Pendative decoration of scarab in relief, most likely René Lalique
H 5.5 cm W 5.5 cm
From the 1890s, René Lalique focused more and more on a new medium: glass. He carried out his work in the delicate process of the “perdu”, borrowed from the bronze foundry. It was during the 1900 exposition that Lalique’s genius was confirmed. Industrial production was started around 1910, in a glass factory near Fontainebleau. However, it closed during the First World War. When this came to an end, a new factory was constructed in Wingen-sur-Moder in Alsace. Millions of glass objects were produced there, including perfume bottles, vases, paperweights, figurines, … L’exposition des Arts Décoratifs et Industriels Modernes in Paris in 1925 became a showcase for his new Art Deco production. His style becomes figurative, floral, abstract and geometric. In 1921, his son Marc became head of the company and, when René Lalique died in 1945, he became creative director. Today the factory is managed by his daughter Marie-Claude. We present a truly special pendant in glass with a scarab as a decor. The frame is heart-shaped with a dark satin-finished glass edge. The scarab is also made of satin-finished glass in high relief. The body is made up of vertical parallel lines. The eyes are in black. Along the scarab we see floral and Egyptian inspired motifs. The background is filled in with a beautiful orange color. On the right side there is a minimal fine crack, only visible when enlarged. There are three holes, two at the top, one at the bottom, this for the cord and tassel thread. Strangely enough, this masterpiece is not marked. The quality is such that the hand of the grandmaster René Lalique must be in play here.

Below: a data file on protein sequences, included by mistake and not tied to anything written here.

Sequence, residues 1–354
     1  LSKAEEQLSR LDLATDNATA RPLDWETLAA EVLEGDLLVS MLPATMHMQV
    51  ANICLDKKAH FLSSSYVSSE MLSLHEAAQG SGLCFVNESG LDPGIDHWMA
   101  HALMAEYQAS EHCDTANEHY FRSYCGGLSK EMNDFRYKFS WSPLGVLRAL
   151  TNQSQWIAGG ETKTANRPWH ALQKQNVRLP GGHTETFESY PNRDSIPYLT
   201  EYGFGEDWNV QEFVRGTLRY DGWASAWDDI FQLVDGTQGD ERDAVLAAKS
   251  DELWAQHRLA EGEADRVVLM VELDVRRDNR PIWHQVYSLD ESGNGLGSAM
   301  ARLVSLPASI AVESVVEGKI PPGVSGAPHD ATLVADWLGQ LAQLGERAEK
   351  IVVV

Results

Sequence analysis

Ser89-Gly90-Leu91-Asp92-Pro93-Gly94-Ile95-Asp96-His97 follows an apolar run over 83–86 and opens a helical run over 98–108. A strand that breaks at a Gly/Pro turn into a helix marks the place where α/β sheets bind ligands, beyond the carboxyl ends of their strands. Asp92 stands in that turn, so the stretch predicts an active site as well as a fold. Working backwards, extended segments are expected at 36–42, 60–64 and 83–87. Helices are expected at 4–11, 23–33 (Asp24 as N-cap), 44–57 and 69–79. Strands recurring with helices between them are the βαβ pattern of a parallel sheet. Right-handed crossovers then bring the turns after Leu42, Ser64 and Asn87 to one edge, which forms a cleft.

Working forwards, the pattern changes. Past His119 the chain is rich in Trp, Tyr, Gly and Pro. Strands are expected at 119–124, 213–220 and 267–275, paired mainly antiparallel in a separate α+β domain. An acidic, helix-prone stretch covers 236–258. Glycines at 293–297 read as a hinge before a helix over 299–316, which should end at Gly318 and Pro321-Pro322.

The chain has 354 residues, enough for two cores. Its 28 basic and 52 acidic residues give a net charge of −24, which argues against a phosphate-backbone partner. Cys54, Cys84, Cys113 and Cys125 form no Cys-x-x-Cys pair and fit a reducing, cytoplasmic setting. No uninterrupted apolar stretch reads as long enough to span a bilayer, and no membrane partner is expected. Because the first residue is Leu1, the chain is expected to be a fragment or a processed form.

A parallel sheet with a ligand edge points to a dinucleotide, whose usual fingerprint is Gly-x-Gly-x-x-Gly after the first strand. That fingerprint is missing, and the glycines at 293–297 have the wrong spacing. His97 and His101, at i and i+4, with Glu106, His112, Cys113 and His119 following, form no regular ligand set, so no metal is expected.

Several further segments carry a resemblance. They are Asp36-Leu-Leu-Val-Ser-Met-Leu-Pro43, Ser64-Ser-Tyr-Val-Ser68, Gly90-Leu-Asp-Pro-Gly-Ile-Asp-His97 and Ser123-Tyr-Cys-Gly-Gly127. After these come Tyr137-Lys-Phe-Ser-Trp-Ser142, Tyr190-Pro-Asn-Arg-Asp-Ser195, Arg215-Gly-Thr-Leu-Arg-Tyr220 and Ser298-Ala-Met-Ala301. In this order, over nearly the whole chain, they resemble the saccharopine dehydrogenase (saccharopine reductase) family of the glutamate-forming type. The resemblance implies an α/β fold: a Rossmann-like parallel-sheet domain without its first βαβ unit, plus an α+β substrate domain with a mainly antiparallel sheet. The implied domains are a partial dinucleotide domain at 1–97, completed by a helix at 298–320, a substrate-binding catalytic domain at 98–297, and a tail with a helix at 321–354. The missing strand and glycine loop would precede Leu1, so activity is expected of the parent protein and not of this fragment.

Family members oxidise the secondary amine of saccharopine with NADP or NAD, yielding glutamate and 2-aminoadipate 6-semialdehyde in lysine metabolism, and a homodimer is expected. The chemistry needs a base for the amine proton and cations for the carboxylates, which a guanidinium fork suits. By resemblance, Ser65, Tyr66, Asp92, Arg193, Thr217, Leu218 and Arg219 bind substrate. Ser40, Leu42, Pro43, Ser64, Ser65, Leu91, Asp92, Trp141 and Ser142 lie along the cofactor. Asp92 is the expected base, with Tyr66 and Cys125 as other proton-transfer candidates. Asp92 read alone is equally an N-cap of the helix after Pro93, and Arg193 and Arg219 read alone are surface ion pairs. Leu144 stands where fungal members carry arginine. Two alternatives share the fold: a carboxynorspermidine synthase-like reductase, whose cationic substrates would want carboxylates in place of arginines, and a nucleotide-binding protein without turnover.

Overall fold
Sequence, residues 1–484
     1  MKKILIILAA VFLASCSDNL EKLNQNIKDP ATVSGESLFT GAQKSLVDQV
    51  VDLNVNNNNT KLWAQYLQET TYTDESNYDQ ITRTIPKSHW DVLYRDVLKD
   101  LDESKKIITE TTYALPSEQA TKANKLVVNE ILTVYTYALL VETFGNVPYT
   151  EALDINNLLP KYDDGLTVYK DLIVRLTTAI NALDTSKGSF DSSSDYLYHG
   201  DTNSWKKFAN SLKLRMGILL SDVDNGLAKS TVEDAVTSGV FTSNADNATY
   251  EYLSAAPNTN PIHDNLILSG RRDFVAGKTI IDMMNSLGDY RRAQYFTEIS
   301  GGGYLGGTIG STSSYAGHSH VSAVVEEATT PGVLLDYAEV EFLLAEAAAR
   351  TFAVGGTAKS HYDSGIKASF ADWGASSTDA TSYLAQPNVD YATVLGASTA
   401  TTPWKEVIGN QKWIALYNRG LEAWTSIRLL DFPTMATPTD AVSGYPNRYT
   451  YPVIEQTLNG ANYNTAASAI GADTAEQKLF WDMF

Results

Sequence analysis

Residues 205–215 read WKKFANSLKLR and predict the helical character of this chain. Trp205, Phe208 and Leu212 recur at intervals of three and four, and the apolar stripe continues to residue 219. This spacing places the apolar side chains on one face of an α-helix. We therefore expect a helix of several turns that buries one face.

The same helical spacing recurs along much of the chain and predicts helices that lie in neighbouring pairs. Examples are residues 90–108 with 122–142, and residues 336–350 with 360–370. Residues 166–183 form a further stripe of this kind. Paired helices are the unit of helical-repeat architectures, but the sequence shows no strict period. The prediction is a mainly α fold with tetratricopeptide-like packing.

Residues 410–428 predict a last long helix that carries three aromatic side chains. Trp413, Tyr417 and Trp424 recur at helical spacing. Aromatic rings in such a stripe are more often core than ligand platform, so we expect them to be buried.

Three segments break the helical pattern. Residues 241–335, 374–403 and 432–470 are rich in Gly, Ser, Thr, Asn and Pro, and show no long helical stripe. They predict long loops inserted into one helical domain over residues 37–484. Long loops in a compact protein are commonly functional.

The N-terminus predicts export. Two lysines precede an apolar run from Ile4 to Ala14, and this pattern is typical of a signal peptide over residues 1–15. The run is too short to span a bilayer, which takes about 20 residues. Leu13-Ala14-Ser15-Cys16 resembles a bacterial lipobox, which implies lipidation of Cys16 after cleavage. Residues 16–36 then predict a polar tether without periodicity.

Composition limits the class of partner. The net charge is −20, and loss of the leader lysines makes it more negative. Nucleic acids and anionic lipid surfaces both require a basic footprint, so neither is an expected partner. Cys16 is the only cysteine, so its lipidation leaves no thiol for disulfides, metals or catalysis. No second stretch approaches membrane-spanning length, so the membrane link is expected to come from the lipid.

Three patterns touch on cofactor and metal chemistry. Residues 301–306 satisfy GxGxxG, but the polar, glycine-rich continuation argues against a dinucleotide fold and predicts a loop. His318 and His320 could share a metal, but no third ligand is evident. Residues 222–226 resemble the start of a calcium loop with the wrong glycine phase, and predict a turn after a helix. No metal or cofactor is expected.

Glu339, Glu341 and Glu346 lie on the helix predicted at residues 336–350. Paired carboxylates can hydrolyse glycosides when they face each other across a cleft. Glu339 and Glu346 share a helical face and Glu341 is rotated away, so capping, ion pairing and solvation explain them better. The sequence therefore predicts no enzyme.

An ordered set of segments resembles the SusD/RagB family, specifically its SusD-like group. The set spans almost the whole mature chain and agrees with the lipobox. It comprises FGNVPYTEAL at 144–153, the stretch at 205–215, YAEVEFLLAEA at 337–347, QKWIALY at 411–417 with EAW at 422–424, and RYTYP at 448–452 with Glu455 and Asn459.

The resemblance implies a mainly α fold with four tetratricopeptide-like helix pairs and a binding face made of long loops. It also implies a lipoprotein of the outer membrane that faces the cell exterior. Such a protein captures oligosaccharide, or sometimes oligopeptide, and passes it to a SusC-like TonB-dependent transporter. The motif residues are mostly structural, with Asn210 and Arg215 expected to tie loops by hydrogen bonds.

Condition: minimal ultra-fine crack on the right side, otherwise completely intact.